Toda and Yamamoto Causality Between Stock Market Development and Economic Growth: Evidence from China, Japan, Singapore, UK and US
Zhang, Haoxing (2012) Toda and Yamamoto Causality Between Stock Market Development and Economic Growth: Evidence from China, Japan, Singapore, UK and US. [Dissertation (University of Nottingham only)] (Unpublished)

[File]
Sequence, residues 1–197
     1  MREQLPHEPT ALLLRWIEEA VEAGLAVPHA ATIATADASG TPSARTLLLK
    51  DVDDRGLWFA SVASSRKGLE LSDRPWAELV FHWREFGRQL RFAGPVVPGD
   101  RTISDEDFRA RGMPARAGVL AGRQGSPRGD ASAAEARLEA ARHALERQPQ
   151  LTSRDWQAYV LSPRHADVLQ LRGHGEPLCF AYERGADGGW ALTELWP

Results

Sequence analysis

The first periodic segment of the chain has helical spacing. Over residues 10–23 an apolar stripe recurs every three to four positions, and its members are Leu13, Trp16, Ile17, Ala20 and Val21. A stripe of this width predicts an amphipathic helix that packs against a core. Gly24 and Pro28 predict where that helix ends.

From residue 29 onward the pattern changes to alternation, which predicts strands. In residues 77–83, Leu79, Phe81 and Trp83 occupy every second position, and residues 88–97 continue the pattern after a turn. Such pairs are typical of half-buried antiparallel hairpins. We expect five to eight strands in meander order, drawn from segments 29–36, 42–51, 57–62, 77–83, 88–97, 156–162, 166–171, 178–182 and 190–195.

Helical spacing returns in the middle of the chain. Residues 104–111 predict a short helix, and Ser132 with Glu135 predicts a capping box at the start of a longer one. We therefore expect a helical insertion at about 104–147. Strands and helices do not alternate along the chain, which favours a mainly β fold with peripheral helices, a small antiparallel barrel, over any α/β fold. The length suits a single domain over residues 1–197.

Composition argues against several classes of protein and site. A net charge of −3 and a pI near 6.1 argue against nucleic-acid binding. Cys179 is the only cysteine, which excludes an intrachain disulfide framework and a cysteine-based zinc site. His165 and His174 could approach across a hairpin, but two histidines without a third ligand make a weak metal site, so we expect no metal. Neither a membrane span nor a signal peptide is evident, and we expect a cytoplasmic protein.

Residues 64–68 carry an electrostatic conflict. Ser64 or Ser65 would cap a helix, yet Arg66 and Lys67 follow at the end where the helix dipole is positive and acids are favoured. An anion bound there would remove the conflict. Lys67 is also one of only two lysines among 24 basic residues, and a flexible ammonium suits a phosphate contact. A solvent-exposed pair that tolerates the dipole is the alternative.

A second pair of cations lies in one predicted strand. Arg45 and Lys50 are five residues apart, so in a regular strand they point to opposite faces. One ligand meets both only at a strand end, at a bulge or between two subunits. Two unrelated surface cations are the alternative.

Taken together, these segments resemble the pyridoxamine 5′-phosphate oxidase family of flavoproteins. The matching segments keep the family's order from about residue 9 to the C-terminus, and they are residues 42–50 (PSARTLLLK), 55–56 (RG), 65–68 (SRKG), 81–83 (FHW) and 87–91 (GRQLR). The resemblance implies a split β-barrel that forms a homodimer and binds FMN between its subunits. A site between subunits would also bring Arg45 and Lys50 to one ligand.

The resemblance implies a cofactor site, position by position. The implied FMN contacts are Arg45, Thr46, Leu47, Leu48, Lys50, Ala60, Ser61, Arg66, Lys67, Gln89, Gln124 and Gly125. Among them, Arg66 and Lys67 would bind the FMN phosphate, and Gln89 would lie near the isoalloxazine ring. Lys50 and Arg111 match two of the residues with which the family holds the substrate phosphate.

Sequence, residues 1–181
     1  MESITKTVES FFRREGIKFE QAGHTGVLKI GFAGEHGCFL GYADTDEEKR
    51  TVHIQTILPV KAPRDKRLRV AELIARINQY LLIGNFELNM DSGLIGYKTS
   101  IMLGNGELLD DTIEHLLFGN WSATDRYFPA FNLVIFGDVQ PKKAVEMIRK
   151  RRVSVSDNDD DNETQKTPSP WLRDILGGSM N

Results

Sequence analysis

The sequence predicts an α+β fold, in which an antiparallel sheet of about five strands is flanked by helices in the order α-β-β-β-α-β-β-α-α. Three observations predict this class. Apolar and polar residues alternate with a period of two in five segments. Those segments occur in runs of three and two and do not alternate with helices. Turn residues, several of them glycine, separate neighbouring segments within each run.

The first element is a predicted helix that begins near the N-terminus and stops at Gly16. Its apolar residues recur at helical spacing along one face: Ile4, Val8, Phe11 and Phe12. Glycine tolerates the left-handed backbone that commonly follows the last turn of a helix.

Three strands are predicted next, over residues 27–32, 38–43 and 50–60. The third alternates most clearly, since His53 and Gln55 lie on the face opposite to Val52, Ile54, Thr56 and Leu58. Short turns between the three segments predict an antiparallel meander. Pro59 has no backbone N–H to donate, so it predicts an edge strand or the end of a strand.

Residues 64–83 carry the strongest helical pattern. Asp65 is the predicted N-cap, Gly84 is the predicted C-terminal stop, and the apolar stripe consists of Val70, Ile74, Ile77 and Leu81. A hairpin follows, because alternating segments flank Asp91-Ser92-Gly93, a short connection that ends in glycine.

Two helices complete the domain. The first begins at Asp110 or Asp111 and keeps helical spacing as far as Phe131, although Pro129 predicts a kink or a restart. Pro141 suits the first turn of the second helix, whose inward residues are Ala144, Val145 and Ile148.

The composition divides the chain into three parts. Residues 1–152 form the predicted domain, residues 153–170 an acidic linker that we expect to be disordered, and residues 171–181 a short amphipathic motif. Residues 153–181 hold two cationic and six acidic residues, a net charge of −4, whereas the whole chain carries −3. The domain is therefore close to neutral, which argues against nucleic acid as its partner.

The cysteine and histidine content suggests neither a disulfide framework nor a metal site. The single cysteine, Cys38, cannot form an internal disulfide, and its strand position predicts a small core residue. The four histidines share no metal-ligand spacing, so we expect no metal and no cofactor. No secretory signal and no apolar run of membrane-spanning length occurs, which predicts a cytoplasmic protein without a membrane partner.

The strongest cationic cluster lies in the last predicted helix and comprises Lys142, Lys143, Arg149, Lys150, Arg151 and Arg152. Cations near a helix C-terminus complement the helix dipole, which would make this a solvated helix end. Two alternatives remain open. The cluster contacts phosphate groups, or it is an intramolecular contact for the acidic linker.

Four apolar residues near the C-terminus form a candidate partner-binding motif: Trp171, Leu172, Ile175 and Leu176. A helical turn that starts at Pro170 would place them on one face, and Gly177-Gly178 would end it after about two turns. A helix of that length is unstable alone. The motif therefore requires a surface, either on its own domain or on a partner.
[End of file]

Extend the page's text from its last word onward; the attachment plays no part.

This study investigates the direction of the causality between economic growth and stock market performance in three Asian countries - China, Singapore, Japan and two western developed countries - the UK and the US. By analyzing the quarterly real GDP and the stock index in each country with the help of Augmented Dickey-Fuller (ADF) unit root test, Breusch-Godfrey LM test, Johansen co-integration test and a subsequent improved version of traditional Granger-causality test proposed by Toda and Yamamoto (1995), we find that there is no long-run co-integrating relationship between quarterly real GDP and stock market index in all five countries. Additionally, evidences are presented of unidirectional causality running from stock market development to economic growth in all three Asian countries and bidirectional causality in the United States. However, the FTSE 100 and the quarterly real GDP in the United Kingdom is proved to be independent. Therefore, the causal relationship between stock market performance and economic growth in the three Asian countries support the “supply-leading” hypothesis proposed by Patrick (1966).
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